There wants not precedent of some of his Predecessors, who have been deposed by Parliaments, but were afterwards in darkness, and in corners basely murthered. This Parliament held it more agreeable to Honor and Justice, to give the King a fair and open trial, by above an hundred Gentlemen, in the most publike place of Justice, free (if he had so pleased) to make his own defence; that part of his Crime being then only objected against him, of which the Parliaments of both his Kingdoms had by their joint Declaration formerly declared him guilty.
With his Offences, were joined all along a strange obstinacy and implacableness, and incessant labour for the destruction of his People; which (with the unerring Truth (wherein is no dispensation for Kings) that No satisfaction shall be taken for the life of a Murtherer, but he shall surely be put to death; and, That the Land cannot be cleansed of the Blood that is shed therein, but by the Blood of him that shed it) brought on and effected the work of Justice upon him.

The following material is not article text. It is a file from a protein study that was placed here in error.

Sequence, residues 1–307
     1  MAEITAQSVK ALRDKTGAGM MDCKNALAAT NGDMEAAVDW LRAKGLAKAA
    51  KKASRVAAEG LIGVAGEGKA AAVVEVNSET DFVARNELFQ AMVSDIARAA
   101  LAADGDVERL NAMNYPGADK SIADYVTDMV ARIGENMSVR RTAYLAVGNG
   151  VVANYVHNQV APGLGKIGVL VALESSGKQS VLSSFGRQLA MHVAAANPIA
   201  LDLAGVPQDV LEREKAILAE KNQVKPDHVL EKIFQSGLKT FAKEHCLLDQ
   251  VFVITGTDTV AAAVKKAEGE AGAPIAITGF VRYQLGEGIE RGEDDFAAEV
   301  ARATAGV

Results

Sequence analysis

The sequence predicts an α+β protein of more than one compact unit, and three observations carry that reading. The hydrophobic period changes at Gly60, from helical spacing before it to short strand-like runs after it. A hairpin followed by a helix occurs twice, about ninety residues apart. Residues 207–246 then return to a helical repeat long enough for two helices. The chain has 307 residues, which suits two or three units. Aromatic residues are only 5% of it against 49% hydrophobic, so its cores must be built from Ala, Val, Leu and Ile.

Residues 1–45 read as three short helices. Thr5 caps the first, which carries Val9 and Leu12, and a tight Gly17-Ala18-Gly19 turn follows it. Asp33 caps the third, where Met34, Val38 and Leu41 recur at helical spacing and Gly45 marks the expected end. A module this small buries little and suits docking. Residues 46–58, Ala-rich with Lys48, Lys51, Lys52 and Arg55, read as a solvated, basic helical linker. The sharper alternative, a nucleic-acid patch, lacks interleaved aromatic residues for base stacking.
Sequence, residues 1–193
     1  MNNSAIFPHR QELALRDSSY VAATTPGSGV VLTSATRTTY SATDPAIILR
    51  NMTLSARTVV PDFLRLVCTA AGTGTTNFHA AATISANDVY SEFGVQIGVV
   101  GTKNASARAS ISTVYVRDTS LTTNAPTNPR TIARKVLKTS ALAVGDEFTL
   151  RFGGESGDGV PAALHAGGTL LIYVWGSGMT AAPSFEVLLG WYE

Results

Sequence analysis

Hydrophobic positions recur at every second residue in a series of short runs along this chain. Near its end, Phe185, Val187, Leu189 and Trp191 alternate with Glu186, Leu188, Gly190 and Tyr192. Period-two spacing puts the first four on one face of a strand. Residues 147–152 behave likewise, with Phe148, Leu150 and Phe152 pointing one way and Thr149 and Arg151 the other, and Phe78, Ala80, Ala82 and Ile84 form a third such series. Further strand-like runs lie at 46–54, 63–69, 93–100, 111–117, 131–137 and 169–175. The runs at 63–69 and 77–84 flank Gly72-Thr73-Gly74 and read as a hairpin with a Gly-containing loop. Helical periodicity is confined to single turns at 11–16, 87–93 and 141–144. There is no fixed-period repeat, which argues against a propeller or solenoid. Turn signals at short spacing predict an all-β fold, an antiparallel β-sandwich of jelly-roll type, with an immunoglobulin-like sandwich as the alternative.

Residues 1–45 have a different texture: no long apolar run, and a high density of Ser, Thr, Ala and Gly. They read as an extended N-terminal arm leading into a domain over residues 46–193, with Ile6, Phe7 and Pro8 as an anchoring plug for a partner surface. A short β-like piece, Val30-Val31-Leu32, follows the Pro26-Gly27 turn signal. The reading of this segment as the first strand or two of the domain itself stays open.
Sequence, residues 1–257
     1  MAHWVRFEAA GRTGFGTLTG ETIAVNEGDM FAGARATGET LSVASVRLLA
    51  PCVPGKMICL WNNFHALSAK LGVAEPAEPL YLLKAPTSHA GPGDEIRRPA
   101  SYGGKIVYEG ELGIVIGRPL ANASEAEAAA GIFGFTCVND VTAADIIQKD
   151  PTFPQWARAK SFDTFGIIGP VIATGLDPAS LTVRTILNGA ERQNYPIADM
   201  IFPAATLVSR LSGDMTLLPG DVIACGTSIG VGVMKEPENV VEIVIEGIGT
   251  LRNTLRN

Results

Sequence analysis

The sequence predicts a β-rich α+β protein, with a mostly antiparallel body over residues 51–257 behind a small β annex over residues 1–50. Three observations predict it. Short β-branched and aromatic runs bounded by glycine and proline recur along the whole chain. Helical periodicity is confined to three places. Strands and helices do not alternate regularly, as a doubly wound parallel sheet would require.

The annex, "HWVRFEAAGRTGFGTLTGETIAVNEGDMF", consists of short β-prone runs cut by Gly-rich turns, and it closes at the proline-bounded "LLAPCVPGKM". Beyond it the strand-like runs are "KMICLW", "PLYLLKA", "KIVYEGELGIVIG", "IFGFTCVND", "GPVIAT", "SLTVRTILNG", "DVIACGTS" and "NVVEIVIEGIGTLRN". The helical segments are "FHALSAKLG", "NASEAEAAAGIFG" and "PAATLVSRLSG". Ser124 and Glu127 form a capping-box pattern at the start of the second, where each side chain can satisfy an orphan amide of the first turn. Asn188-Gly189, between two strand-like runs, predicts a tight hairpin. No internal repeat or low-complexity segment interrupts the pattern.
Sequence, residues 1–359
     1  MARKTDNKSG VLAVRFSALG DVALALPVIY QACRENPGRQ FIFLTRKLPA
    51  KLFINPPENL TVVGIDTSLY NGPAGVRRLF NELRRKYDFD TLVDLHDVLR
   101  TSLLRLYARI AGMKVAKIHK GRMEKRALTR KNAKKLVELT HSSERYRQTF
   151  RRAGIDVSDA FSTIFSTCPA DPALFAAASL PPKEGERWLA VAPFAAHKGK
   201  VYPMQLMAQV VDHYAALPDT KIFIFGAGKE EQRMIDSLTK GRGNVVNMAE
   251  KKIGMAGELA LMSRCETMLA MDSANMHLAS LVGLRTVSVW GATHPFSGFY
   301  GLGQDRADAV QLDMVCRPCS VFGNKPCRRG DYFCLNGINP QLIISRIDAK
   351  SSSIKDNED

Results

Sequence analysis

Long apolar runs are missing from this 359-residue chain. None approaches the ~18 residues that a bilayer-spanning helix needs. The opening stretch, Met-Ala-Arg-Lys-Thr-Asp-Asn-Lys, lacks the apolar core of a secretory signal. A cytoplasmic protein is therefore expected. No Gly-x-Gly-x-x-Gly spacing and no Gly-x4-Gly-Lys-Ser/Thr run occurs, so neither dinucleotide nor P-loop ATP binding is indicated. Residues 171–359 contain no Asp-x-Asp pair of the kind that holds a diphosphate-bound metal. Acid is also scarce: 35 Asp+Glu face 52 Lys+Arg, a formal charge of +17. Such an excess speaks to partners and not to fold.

The King being dead, The next consideration fell upon his Children; from these Branches could be expected no other, than the same bitter Fruit which fell in the Reign of the Father, who had engaged Them in his own ways and quarrel; and the two Eldest so early appearing in actual Arms and Hostility against the Parliament, No more Safety or Security could be hoped for from Them, than from their Predecessor; nor in human probability, as Affairs then stood, any safe way for a sure Peace, and prevention of future Troubles, and to avoid a Succession of Misery; but by taking away the Succession of that, from whence it hath always risen, and would certainly spring again, if permitted to take new Root, the Designs and practices of Kings, their flatterers and evil Councellors.